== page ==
A good example of southern-driven HCI research is that of Zaman and Winschiers-Theophilus (2015) where co-design was applied to work with a remote community in Malaysian Borneo to help preserve the Oroo’ visual language through its integration into a mobile digital messaging system. But in projects of this type the question still remains whether western methods can be fully removed as initial drivers of intrinsically motivated, bottom-up initiatives.

The value and impact of HCI research initiatives in the south have typically been branded for the ‘social good’ but the value and effectiveness of this is increasingly questioned as a problem of  misaligned and misconceived expectations by Pal (2017). He highlights that the value of designing for diversity lie as much in what designers learn from those initiatives as in what communities take away from them.

Despite presenting some examples of local and indigenous perspectives relevant for HCI4D, the final analysis of HCI in an international development context is still far from complete. According to Abdelnour-Nocera et al. (2017), key questions driving the agenda for researchers and designers in this field should be the following:

  • What is meant by local and indigenous HCI and why is it important for the ICT4D research and practitioner communities? This means being willing and able to shift the epistemological position of the discipline towards what constitutes valuable knowledge and how to obtain it.  Making sense of what are useful technologies is therefore a co-constructed process based on local realities and perspectives.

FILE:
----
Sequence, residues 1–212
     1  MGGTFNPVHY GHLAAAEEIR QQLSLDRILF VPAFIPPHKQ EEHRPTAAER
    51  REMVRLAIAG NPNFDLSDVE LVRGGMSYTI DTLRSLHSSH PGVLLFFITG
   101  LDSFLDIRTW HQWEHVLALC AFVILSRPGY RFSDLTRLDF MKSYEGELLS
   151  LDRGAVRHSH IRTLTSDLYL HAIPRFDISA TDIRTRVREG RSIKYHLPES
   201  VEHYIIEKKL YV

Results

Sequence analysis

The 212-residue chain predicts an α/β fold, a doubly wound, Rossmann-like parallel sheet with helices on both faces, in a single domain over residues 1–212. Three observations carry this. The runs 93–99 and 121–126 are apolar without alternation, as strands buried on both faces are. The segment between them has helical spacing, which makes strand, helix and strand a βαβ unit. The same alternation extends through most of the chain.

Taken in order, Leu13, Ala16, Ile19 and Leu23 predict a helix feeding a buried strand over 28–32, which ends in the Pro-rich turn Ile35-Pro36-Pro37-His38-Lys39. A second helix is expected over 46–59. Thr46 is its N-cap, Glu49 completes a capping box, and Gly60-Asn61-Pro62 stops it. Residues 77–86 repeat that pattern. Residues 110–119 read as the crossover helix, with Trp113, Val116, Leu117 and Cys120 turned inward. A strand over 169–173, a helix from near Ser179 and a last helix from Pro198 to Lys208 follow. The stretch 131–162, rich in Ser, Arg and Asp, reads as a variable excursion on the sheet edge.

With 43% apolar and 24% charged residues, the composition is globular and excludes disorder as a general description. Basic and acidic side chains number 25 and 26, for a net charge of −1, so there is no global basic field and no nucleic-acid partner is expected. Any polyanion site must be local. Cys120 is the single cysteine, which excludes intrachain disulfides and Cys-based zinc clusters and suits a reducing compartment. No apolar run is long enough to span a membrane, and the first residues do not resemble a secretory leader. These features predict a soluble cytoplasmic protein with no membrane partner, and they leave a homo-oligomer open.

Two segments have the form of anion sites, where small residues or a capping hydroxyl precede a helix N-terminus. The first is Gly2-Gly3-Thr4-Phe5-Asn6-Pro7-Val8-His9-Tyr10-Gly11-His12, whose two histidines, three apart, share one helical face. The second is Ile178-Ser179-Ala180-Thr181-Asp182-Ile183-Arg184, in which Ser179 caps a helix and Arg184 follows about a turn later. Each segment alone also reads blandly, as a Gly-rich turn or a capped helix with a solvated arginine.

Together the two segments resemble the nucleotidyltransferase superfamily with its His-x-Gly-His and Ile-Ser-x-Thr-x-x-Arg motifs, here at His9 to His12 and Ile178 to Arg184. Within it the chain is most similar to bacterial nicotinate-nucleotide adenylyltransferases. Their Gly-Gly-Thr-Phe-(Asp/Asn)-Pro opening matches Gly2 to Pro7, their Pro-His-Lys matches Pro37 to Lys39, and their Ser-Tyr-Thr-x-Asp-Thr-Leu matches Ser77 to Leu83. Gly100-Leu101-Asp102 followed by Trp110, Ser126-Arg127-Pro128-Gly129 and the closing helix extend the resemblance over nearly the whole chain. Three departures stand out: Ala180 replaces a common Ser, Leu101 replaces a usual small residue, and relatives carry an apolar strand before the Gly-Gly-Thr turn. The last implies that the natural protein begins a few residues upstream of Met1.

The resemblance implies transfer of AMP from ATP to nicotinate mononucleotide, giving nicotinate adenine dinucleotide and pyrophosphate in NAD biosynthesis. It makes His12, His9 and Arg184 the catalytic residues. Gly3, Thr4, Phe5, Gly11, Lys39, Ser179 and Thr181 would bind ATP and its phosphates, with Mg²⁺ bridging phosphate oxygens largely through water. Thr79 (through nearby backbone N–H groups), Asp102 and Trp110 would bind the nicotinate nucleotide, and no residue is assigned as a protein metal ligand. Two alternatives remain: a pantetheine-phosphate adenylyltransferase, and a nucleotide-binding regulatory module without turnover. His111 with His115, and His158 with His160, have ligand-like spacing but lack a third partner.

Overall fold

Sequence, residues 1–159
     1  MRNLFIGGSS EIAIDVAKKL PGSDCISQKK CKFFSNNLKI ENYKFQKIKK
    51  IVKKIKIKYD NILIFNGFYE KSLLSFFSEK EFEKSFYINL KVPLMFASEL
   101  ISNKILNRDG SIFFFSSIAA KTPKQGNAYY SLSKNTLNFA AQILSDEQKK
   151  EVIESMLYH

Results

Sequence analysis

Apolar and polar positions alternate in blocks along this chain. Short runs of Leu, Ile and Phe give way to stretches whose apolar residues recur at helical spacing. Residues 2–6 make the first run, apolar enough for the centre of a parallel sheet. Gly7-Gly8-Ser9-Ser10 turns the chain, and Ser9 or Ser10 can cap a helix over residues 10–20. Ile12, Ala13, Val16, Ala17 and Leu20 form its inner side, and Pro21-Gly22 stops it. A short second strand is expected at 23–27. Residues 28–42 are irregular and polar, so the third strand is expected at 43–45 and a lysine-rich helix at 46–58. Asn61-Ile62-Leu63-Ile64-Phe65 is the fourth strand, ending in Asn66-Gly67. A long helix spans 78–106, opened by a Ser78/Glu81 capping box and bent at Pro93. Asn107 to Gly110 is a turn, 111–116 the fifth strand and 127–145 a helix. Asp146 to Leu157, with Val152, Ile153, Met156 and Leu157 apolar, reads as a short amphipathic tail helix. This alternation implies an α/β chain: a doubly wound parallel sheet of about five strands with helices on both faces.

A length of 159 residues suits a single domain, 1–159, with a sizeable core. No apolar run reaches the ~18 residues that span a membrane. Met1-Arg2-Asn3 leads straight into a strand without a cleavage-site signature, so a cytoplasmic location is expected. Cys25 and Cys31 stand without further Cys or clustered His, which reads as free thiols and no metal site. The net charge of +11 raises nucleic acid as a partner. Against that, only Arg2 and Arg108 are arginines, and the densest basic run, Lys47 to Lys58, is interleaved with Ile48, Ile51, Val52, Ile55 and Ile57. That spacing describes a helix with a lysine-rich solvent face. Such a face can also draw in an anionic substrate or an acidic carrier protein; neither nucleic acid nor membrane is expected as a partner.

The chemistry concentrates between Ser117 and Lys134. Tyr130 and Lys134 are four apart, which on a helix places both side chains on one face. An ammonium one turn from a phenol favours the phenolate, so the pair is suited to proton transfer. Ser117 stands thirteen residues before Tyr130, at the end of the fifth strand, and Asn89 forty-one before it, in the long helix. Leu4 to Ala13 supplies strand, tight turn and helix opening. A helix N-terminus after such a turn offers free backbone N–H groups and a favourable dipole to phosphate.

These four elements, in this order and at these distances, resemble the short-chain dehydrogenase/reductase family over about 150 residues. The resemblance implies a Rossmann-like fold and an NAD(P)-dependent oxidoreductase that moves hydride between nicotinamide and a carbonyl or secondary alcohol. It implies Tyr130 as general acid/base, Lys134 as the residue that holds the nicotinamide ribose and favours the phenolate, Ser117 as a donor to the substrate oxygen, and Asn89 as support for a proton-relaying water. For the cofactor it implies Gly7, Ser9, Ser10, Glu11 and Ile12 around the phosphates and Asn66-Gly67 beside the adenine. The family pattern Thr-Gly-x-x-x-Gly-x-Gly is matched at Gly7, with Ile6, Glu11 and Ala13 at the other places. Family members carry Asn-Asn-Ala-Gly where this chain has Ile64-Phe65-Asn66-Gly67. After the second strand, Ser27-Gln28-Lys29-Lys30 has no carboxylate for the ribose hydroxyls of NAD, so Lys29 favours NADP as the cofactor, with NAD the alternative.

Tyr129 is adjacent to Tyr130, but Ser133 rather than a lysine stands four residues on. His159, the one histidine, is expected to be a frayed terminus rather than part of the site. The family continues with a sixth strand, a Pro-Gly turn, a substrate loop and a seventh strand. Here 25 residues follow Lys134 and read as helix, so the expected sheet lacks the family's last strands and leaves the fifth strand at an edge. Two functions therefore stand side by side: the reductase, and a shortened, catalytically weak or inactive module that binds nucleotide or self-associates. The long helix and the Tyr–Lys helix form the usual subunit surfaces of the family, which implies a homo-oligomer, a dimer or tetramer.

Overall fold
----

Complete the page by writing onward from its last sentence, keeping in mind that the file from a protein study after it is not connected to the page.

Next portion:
• How do we approach and study the interpretive frames used locally and/or from an indigenous perspective to make sense of the current body of knowledge and tools in HCI? This question points at the methodological challenges in establishing meaningful communication spaces for all stakeholders in HCI4D projects and associated arenas of participation. Eliciting, conveying and explicating the political, epistemic and semiotic dimensions of research engagement and interventions is a fundamental challenge constantly reported in the literature referred to in this proposal.
  • What are the ethical issues in engaging in HCI4D activities?  What are the power relations and scripts embedded in this process? While HCI as a discipline carries values of participation and the ultimate beneficiary is the user, there are more complex ethical issues of value co-creation and informed consent in projects where there are clear intercultural and interdisciplinary dimensions.